Management and organizational behaviour

If the above 2 questions were put forward to twenty different managers, the result would be twenty different opinions on a motivated group and a satisfied group of employees. Every manager develops their own approach to motivating their subordinates. They may choose to adopt one of the theories suggested by management theorists such as Frederick Herzberg, David McClelland or Abraham Maslow. Nevertheless, there are no definitive rules to describe a motivated group of employees.

Job Characteristics and Motivation One of the more widely known attempts to link job characteristics with human motivation, satisfaction and performance is Herzberg’s two-factor theory. Frederick Herzberg, an industrial psychologist, studied the causes of employee satisfaction and dissatisfaction. He considered satisfaction to be his motivating factors and termed dissatisfaction as hygiene factors.

Herzberg originated the motivator-hygiene theory after he interviewed 203 accountants and engineers who were asked to describe specific occasions when they felt exceptionally good or exceptionally bad about their job. 1The most obvious benefit of a job is that it provides income for the jobholder. Although the importance of this benefit should not be understated, it is clear from the percentage of people who would continue to work if they did not need the money that there is more to work than financial gain.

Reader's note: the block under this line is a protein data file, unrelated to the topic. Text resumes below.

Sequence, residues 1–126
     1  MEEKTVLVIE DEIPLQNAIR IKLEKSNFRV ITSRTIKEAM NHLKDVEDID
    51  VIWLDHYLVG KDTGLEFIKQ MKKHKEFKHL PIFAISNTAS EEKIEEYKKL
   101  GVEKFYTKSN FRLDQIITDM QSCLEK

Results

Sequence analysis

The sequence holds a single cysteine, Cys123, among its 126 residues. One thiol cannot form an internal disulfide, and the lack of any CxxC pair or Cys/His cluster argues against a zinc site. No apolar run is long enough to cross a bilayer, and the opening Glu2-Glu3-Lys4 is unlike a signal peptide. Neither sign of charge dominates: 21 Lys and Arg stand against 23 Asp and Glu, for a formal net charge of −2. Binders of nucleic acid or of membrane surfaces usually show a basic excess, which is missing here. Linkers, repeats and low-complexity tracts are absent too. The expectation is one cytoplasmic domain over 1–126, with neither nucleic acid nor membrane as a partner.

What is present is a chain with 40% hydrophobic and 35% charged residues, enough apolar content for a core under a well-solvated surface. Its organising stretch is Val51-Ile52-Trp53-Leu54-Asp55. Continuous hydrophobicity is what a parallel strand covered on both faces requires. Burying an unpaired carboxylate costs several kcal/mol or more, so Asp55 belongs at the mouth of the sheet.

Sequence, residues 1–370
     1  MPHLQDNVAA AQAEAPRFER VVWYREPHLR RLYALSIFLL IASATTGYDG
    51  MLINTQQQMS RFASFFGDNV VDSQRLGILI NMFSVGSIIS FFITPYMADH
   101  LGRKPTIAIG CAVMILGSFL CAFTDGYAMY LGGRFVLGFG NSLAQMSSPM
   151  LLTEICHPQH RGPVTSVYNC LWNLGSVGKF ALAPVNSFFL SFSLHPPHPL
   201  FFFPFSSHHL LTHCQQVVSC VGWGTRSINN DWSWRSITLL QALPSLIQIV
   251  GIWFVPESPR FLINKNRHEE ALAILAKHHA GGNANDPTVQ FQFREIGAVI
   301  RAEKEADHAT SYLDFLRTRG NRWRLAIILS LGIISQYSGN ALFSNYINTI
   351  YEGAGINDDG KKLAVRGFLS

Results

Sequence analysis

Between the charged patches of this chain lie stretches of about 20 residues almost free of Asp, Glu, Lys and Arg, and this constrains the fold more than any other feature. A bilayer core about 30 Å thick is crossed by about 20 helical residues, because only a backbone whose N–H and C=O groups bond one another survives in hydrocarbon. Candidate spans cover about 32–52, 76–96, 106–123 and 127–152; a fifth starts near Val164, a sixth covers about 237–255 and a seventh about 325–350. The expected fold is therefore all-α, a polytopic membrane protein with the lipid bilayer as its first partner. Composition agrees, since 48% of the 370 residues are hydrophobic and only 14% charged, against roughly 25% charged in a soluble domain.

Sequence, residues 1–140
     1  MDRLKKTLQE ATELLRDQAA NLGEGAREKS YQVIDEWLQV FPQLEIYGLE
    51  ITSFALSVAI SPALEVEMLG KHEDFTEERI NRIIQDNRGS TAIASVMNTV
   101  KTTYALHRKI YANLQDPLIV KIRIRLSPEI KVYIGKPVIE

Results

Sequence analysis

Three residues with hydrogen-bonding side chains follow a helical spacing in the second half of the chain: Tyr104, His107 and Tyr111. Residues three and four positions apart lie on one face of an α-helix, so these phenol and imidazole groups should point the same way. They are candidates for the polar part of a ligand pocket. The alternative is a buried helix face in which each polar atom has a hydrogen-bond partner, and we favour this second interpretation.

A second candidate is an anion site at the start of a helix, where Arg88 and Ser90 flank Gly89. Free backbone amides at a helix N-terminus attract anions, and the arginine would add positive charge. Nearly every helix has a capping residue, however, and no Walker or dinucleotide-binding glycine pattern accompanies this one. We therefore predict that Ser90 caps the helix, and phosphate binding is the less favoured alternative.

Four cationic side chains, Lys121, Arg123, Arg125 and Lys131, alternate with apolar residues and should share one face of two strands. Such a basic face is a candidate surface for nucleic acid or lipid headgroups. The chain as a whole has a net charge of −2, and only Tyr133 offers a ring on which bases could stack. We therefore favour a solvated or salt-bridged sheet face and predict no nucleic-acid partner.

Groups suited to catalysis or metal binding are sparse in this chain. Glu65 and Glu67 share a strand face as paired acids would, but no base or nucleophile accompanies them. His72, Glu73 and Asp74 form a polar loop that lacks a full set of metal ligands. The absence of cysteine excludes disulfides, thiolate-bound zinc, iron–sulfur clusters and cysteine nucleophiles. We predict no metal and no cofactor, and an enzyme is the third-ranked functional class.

The activity provided by the job gives people an opportunity to use their skills and knowledge. A job provides variety by taking people out of their domestic environment and for most people a job also influences the way their time is structured and used. The social aspects of work include an opportunity and an environment in which to interact with others and the provision of status and identity within society. In our society for example the question ‘What do you do? Has only one meaning, ‘What work do you do?. Motivation is in relation to the strength and direction of human behaviour.

1 For example, problems such as why two people with the same ability produce different levels of performance or why someone works hard at one task but not at the other, may be explained in terms of motivation. As I have stated earlier, every manager has their own theory of a motivated group and a satisfied group of employees; therefore, I have arrived at a theory that I acknowledge: Thus, the 69% of men and the 65% of women in the sample of workers Warr selected from the British workforce are motivated workers.

A group that is prepared to work when there is no need must acquire activity. Motivation is a Latin term which means move, therefore, to be motivated it requires activity. People will not carry out a job without some reward just because they have no financial need. Therefore, I have concluded that motivated individuals prefer activity and reward (money) in their work. Satisfied individuals, on the other hand, have no interest in the activity that their job provides, hence, they are only attracted to the outcome: Money only.